I’ve built a lot of decks for various card games, one year about 100 new decks for one card game I played, but even I have struggled with building decks for some games.
I don’t think building decks for Traveller is easy. Or, more precisely, I don’t think building the deck you intend to build is easy. Traveller is very open in terms of possibilities. I have been playing a new LCG where deckbuilding is extremely constrained, so the number of choices is low. With Traveller, other than , any of the cards could go in any deck…and that’s just the Captain’s Deck. The Adventure Deck has fewer options but may be even harder to work on because cards don’t just serve one purpose.
Tip #1: Minor Changes
I posted to the forums that the first tip that comes to mind is don’t try to build a new deck – take one of the precons and modify it. Don’t even modify the Adventure Deck just yet. I wouldn’t even look at all of the card types. I’d say focus on and changes. Obviously, adding a card requires removing another card, so may need to cut , , , or if adding and/or . Or, can just look for one for one swaps if want something even simpler.
Actually, this first tip brings up a good point. Mark Rosewater, Magic: The Gathering’s lead designer, often wrote about how restrictions breed creativity. I find that the lack of restrictions breeds lack of creativity. When I have too many choices, I tend to flail about ineffectually not ever getting a new deck done. Far better for me to limit what I can do and that will give me a more manageable number of options where the choices between different options may be more distinct.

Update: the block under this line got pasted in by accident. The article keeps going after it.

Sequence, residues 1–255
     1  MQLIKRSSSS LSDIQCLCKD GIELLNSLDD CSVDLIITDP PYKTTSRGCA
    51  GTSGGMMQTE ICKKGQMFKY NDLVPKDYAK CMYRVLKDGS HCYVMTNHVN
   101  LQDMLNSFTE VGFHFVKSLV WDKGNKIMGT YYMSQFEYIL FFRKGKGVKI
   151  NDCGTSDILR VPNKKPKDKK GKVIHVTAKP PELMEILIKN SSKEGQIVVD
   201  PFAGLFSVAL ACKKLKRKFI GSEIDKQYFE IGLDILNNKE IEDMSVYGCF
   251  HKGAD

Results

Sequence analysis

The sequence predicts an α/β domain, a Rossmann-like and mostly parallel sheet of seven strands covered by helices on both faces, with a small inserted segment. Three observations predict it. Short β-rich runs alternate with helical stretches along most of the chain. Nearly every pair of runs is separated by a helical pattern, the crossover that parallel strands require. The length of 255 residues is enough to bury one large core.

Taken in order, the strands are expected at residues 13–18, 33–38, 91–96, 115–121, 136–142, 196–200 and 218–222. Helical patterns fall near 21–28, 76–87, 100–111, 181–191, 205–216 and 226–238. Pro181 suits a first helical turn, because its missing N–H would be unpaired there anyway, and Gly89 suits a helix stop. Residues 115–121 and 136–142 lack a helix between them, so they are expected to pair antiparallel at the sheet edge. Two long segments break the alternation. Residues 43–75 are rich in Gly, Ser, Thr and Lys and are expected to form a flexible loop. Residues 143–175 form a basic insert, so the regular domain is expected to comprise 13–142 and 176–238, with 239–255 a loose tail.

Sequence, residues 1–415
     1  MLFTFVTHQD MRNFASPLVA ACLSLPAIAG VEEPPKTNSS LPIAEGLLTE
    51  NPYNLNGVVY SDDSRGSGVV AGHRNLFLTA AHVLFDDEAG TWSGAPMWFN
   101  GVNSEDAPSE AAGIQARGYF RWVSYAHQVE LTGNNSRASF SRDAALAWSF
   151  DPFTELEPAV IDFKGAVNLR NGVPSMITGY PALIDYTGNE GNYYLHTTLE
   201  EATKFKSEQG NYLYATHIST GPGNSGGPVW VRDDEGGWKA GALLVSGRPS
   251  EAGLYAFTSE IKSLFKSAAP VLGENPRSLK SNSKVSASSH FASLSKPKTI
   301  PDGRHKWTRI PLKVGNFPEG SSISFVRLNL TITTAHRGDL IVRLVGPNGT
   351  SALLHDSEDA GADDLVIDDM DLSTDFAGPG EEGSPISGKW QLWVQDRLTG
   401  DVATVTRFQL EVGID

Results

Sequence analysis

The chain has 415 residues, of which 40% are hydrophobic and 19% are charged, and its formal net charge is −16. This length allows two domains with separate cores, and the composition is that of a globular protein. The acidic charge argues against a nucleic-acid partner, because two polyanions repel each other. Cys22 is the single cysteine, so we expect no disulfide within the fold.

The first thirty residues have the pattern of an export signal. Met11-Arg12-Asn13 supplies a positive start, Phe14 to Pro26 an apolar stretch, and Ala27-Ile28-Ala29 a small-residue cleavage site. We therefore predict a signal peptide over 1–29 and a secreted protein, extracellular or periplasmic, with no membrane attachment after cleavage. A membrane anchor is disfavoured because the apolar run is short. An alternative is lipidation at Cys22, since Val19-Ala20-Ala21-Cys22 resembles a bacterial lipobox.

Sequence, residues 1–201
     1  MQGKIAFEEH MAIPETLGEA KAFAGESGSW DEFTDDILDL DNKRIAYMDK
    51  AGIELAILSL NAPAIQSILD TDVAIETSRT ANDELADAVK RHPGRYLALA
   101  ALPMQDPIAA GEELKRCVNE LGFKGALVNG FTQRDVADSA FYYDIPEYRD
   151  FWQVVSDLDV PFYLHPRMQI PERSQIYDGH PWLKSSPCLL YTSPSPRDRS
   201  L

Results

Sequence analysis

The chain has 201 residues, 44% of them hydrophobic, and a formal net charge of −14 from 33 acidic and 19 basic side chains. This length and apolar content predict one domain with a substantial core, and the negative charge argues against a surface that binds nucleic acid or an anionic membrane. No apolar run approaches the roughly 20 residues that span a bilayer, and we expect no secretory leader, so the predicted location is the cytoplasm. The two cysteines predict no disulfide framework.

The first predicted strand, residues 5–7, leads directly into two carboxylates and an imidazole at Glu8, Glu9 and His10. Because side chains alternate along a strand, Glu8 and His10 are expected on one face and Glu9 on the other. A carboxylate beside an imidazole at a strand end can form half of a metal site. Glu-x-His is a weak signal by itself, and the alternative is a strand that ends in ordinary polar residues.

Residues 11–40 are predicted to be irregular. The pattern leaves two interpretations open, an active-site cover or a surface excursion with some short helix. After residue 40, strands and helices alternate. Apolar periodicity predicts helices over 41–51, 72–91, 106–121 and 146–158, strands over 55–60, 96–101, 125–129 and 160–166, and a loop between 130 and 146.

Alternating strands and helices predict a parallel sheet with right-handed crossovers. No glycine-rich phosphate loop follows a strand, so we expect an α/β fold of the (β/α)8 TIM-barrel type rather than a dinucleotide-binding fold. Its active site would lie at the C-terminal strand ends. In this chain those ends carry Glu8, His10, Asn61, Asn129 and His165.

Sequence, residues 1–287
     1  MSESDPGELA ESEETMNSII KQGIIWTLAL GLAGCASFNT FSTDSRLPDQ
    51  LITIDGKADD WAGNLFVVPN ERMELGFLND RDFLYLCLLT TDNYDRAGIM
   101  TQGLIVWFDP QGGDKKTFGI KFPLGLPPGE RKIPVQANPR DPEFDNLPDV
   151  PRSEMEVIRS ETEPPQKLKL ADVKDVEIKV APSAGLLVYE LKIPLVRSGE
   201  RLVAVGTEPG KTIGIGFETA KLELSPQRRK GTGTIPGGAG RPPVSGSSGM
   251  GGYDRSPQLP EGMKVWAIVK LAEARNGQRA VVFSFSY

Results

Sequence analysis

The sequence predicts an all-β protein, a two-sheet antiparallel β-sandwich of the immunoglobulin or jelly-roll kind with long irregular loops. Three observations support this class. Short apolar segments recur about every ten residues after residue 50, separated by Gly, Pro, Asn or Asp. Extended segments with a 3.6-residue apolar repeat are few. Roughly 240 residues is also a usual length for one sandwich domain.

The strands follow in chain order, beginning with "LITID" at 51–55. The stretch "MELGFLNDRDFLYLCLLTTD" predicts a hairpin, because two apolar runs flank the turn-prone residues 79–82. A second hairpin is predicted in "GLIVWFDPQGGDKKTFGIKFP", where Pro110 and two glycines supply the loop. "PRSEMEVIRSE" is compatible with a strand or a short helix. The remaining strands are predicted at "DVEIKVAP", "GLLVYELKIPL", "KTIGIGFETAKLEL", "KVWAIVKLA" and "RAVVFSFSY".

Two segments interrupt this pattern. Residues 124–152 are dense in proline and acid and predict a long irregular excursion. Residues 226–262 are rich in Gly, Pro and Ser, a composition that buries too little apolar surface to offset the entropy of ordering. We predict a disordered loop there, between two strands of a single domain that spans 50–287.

Tip #2: Holistic View (Top Down)
For one of the games I play, I often review the card type distributions for decks after I’ve done a first draft of the deck. I think that’s reasonable for Traveller, as well.
Let’s start with 15 as a typical target. Let’s say: take the number of slots your has, double that number, this is your maximum number of in the deck. The actual number will likely be lower, maybe 7 for Scout, 9-10 for Free Trader, etc. depending upon what the deck wants.
While some are oriented to building around, let’s not worry about decks built around specific cards with basic deck construction. Let’s throw in a lower amount of , like one of each of the three subtypes, and save space for other card types.
, as dependent cards, already complicate playing decks but also are cards that might be considered more sophisticated in terms of how to most effectively use, so let’s keep the number low. You can play zero, just like you could play 60 if you wanted, but maybe run 2-3 based on the most common skills provided by your cards. If you find yourself craving the effects of , then, can always up the count in the next version of the deck.
At this point, have maybe half a deck.
is also dependent but more straightforward than the one use . For the Empress Marava and the Scout, I would look at that provides more skills. In the former case, to make sure you can use the Far Trader’s ability and still have more tokens to spend; in the latter because of the small number of slots. As a rule of thumb that I just made up, take your number of slots, double it, and set that as a maximum number of .
Again, that’s just a max. Because the Subsidized Merchant will have more and slots and still can’t run more than 60 cards, probably going to run a similar number of to smaller , like around six.
Does this mean run around 24 ? No. Maybe a Scout would consider 24 , if it was playing around its low number of / slots and playing to its special ability. But, it’s easy to want to play a bunch of because they can throw off “combat math” in the game. More likely, run 15 or fewer . That leaves space to go back and fill up the deck to 60.
Tip #3: Fill Out, Not Cut Down
A common issue with one of the card games I play is people not knowing what to cut to reduce the sizes of their decks down to the maximum deck size. Now, some games have no maximum deck size, yet players stay pretty lean because they know that minimum size decks are more consistent, but this game is one where a lot of players over the years argued for maximizing deck size.